Class Beginnings and Endings

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Read Aadil Palkhivala's response:

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Dear Megan,

The beginning of class is a time to bring people into the room and into themselves. Readings trigger the mind, and although they can be a way of taking the beginning student's mind away from the day-to-day grind, I prefer a concentrated focus on the breath. I also prefer not to start a class with guided imagery, since yoga is not so much about escape from life as the discovery of it.

I always give students time at the beginning of class to simply sit quietly, do some deep breathing, and let go of the day. I suggest that you guide your students through this process. Focus on deep breathing: Inhale joy and light, and exhale the day gone by. The more your students concentrate on the breath, and on using the power of the inhalation to nurture and the exhalation to release, the more potent their practice will be.

Traditional yoga classes always opened with three Oms followed by a mantra based on the teacher's lineage. So, in Iyengar classes, you will find a certain version of the Patanjali invocation recited at the beginning of every class. In Ashtanga, the first four lines will be different.

I like to start my Purna yoga classes with three Oms and the traditional Gayatri mantra, which is a mantra seeking illumination of the mind. Since the Gayatri mantra does not invoke Patanjali or any gods or goddesses, but rather only invokes light, it should not offend people with strong religious beliefs. For these reasons, it is my preferred way of starting a yoga class.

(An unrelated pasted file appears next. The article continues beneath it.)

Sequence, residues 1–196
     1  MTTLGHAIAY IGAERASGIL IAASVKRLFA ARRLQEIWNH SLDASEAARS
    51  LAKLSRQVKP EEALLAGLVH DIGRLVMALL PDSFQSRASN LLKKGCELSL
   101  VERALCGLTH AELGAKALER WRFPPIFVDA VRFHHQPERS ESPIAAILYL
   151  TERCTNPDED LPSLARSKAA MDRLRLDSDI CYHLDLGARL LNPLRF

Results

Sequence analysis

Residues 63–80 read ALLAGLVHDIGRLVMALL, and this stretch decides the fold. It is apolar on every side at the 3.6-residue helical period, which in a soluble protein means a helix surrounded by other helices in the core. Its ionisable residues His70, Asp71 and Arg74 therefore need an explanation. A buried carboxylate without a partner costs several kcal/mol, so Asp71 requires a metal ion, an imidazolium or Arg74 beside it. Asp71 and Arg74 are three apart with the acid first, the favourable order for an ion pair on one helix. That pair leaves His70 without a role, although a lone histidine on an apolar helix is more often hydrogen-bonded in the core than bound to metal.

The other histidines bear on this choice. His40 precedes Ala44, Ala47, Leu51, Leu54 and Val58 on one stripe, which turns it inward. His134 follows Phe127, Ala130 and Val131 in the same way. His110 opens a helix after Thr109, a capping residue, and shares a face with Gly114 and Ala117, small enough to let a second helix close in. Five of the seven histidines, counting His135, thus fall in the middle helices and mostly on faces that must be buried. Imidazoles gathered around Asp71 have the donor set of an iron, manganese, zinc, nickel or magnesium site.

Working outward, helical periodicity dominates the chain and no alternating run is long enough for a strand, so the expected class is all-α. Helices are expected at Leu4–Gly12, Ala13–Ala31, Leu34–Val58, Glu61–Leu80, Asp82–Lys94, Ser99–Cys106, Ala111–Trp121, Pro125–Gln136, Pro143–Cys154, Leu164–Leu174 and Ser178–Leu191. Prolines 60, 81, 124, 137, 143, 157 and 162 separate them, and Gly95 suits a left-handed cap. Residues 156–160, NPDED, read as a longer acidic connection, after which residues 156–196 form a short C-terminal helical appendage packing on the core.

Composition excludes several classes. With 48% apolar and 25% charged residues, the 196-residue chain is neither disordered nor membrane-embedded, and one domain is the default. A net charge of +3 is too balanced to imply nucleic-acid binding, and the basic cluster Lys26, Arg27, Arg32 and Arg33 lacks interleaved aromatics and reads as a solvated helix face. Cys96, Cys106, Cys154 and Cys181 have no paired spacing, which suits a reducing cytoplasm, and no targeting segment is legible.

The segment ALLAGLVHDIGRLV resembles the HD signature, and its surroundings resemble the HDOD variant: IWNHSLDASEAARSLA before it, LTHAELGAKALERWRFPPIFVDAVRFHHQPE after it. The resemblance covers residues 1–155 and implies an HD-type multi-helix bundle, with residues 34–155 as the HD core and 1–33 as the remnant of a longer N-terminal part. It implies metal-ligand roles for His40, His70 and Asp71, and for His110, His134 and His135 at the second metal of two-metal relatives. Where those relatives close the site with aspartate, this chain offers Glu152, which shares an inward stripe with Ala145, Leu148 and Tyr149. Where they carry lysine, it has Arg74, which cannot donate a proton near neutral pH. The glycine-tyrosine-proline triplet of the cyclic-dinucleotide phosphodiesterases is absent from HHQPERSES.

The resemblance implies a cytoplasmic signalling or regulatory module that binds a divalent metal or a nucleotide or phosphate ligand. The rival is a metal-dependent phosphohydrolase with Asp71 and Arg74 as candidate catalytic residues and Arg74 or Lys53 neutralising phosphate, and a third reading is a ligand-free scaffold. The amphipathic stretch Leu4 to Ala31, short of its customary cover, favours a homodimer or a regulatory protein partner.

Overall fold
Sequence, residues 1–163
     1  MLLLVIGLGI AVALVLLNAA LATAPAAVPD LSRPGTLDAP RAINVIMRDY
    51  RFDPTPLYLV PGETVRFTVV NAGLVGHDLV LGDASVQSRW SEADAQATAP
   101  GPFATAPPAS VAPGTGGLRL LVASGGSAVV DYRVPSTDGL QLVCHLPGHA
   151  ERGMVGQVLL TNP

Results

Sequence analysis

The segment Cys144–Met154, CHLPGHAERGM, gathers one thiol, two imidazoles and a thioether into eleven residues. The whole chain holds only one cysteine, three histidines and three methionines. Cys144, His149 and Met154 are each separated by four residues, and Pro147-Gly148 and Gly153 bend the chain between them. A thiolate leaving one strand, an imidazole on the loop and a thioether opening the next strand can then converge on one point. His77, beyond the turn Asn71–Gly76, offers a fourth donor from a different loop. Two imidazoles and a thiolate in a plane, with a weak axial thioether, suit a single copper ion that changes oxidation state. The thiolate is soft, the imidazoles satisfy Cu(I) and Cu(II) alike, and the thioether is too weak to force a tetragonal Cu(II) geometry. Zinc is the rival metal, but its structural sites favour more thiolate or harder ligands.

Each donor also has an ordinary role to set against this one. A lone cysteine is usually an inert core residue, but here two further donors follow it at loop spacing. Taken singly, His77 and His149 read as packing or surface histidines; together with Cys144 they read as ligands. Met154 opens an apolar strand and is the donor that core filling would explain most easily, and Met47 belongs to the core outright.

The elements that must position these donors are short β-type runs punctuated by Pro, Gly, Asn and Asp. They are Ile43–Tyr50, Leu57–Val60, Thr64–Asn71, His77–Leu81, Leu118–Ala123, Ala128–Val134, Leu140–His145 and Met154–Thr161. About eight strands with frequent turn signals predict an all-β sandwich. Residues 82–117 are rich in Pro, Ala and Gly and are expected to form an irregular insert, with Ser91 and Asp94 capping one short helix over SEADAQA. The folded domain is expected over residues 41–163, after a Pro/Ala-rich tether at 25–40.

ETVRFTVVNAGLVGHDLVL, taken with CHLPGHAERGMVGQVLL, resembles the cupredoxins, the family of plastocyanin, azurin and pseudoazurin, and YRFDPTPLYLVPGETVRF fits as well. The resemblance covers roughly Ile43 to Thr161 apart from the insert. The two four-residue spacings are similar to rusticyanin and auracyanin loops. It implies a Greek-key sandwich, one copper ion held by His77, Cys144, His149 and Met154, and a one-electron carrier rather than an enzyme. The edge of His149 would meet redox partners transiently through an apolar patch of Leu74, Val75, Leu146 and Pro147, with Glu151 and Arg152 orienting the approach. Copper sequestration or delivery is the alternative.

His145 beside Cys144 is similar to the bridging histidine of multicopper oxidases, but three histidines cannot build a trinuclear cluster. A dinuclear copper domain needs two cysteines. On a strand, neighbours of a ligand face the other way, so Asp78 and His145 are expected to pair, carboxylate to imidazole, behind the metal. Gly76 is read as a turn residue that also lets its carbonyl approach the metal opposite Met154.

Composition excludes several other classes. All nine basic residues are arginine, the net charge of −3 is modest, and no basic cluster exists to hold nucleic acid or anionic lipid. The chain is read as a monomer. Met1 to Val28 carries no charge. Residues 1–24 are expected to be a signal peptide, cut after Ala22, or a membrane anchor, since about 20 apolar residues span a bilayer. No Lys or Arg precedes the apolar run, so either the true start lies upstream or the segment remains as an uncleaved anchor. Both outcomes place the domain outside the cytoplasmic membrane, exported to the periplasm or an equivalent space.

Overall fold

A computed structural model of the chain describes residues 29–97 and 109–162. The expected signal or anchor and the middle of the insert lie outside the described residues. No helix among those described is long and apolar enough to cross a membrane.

I end my classes with the Gayatri mantra of my teacher, Sri Aurobindo, followed by three Oms.

Occasionally, I will read to my students at appropriate times during class, and I always read from the work of Sri Aurobindo, or some inspirational poetry with a yogic message, such as Kipling's If, Longfellow's Psalm of Life, or Emerson's Brahma.

Recognized as one of the world's top yoga teachers, Aadil Palkhivala began studying yoga at the age of seven with B.K.S. Iyengar and was introduced to Sri Aurobindo's yoga three years later. He received the Advanced Yoga Teacher's Certificate at the age of 22 and is the founder-director of internationally-renowned Yoga Centers in Bellevue, Washington. Aadil is the director of the College of Purna Yoga, a 1,700 hour Washington-state licensed and certified teacher training program. He is also a federally certified naturopath, a certified <a href="/health/ayurveda">Ayurvedic health science practitioner, a clinical hypnotherapist, a certified shiatsu and Swedish bodywork therapist, a lawyer, and an internationally sponsored public speaker on the mind-body-energy connection.